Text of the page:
Lost Spaces, Secret Cities, and Other Inscrutable Geographies
At first glance, Bonnett’s book may look like another interesting guide to off-the-beaten-track places. Unruly Places goes a step further. Divided into eight categories, Bonnett looks at truly unique geographical places and concepts. Lost Spaces include cities that have been renamed, an island that never existed and a man-made no-man’s land. Hidden Geographies focuses on the out-of-sight places, from Turkey’s underground cities in Cappadocia to squatter communities in cemeteries. No Man’s Land looks at boarders, unclaimed land and even traffic islands. Dead Cities includes show cities built by North Korea and China and the doomed city of Pripyat, decimated by Chernobyl. Spaces of Exception includes the Geneva Freeport, home of a massive warehouse of riches, FARC-Controlled territory in Colombia and even Gutterspace. Enclaves and Breakways talks about micronations and strange bits of overlapping or interlocking territory. Floating Islands looks at natural and man-made islands, utopian and otherwise. Ephemeral Places looks at transient sites that change with the population.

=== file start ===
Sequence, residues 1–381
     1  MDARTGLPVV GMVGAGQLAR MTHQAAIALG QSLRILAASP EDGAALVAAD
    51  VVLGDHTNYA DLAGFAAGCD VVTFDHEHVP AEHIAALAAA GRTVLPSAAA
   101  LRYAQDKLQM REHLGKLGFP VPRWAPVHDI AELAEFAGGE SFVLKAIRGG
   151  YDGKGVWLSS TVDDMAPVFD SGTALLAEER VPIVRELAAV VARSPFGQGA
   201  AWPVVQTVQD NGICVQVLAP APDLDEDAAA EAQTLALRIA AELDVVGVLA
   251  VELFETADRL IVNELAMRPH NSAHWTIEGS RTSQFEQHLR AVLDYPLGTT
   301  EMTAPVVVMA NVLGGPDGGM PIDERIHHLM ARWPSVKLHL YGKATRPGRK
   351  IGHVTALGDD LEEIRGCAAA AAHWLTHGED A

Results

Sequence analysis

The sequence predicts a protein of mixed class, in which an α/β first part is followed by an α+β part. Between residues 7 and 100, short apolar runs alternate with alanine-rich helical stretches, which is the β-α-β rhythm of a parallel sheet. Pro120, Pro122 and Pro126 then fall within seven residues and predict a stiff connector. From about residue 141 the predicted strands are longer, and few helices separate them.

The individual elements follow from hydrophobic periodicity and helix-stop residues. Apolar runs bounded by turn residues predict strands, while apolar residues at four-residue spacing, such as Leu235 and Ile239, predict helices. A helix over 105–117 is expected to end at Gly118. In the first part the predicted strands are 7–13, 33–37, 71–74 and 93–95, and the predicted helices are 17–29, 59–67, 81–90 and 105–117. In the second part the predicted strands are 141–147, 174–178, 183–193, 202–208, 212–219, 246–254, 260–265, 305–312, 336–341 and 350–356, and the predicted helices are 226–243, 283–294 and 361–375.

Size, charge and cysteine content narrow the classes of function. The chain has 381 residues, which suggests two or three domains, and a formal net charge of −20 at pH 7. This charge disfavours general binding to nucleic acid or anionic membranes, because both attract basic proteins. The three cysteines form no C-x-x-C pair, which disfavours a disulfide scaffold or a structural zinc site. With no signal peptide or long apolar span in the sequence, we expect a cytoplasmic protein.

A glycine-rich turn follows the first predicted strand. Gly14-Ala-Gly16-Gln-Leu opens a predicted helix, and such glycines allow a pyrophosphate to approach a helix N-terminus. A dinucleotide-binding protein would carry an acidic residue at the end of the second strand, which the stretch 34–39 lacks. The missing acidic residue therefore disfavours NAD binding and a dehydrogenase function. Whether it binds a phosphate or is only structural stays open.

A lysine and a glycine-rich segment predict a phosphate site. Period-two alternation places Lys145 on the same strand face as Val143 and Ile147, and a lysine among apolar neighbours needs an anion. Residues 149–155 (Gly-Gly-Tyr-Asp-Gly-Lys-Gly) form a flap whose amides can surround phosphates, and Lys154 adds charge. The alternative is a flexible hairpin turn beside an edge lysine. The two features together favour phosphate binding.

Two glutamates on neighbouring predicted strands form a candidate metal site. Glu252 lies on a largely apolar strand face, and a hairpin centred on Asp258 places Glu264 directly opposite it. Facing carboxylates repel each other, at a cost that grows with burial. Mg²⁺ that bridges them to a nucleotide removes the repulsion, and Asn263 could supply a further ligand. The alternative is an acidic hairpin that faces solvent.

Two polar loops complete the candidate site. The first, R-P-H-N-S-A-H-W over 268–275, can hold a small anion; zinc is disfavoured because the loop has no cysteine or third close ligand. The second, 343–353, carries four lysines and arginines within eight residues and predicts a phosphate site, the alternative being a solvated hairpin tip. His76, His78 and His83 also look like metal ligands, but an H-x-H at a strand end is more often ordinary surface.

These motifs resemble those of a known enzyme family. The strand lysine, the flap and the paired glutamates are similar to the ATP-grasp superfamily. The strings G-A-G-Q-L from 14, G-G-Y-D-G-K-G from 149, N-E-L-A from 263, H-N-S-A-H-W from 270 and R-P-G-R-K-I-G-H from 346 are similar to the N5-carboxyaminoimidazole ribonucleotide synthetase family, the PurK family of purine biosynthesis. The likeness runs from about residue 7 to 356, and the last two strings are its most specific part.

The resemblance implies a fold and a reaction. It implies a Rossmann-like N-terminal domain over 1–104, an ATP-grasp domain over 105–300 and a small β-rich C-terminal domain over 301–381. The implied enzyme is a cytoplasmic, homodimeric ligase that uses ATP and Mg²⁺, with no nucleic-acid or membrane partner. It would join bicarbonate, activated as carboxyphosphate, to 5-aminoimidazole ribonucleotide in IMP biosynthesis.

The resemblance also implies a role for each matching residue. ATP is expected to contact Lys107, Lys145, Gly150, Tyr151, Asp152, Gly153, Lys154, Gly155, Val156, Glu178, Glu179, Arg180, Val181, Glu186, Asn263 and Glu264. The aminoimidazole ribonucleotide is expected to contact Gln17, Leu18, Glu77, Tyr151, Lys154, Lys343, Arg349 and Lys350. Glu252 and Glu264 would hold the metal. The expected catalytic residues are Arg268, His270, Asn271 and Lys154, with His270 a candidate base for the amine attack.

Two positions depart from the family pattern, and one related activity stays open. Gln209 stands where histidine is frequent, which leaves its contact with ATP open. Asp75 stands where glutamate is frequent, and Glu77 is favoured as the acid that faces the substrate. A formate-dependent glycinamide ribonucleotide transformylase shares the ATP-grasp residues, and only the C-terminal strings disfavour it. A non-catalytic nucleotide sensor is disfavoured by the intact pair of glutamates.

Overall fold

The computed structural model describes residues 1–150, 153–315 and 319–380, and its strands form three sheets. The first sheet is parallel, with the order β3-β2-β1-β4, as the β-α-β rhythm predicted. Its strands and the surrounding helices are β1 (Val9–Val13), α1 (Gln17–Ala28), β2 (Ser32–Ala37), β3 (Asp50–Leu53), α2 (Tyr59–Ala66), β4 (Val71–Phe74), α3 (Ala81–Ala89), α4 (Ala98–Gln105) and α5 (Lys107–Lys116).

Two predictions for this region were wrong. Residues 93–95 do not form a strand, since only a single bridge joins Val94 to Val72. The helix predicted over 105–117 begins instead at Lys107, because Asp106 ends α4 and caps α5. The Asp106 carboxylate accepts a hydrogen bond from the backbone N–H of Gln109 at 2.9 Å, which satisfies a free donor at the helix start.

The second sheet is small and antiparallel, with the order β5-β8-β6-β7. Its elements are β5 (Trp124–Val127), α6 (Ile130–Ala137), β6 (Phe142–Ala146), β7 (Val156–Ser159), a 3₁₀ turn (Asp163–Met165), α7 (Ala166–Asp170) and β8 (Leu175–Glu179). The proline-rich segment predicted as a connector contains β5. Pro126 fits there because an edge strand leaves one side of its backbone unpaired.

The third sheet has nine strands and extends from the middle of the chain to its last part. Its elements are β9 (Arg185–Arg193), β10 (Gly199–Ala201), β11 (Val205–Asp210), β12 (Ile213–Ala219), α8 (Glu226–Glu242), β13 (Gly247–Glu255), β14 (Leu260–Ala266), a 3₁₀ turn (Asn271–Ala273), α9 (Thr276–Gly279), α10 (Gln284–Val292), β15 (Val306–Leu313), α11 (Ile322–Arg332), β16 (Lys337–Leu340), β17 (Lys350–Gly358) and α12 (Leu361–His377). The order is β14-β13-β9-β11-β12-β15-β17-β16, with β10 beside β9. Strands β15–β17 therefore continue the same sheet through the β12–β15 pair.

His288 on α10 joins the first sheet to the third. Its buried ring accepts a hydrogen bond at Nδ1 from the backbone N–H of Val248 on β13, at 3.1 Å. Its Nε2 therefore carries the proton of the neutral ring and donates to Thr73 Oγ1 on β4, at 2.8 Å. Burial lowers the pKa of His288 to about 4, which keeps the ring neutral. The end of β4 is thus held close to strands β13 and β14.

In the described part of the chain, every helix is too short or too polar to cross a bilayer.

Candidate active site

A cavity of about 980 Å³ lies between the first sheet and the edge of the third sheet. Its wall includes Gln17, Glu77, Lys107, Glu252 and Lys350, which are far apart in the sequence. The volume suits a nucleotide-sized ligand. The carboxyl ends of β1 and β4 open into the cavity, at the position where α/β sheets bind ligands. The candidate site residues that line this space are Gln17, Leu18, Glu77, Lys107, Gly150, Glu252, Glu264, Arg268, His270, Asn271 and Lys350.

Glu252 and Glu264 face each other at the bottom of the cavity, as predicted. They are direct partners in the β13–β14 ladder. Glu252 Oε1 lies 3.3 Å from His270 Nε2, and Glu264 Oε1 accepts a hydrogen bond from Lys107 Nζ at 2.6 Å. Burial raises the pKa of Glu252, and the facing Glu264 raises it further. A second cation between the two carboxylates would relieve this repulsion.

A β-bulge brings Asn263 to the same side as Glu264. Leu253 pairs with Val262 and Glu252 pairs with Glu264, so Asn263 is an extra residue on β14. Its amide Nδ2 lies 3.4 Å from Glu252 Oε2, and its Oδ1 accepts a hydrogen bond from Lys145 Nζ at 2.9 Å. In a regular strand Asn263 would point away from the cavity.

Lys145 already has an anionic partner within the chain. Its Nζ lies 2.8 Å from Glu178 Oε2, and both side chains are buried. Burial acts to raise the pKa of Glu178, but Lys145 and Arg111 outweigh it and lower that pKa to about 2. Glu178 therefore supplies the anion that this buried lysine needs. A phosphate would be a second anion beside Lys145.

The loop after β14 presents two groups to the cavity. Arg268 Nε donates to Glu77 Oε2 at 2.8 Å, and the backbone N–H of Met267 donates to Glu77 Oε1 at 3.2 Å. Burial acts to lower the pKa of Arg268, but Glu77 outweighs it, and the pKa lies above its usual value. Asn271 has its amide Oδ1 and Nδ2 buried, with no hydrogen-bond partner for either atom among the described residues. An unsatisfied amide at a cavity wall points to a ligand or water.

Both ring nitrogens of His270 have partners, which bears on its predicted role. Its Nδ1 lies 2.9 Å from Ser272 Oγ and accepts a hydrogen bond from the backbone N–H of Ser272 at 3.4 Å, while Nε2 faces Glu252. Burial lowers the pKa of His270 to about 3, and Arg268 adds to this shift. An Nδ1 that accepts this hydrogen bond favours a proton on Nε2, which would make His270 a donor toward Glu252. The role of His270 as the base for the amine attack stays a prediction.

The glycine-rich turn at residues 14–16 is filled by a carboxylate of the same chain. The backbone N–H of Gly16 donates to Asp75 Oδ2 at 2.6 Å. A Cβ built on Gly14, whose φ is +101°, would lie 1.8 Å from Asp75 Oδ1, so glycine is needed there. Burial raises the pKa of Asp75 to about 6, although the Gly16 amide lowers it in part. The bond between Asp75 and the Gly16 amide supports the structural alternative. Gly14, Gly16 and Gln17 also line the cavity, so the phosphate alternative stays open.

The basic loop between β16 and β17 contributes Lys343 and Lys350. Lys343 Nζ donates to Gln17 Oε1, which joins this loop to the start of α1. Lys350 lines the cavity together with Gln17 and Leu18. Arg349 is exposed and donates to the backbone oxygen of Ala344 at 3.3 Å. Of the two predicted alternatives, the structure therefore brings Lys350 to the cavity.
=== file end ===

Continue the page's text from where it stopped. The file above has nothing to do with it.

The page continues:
All of the locations (and non-locations) ask serious questions about boarders, sense of place and human attachment. While some of the spots in Unruly Places may interest the reader to visit them, most are not accessible or at all hospitable. This doesn’t make them any less fascinating. Unless you are an armchair traveler of extreme experience, it is doubtful you will have heard of more than a handful of these locations… and even less likely to have visited any. A truly intriguing book.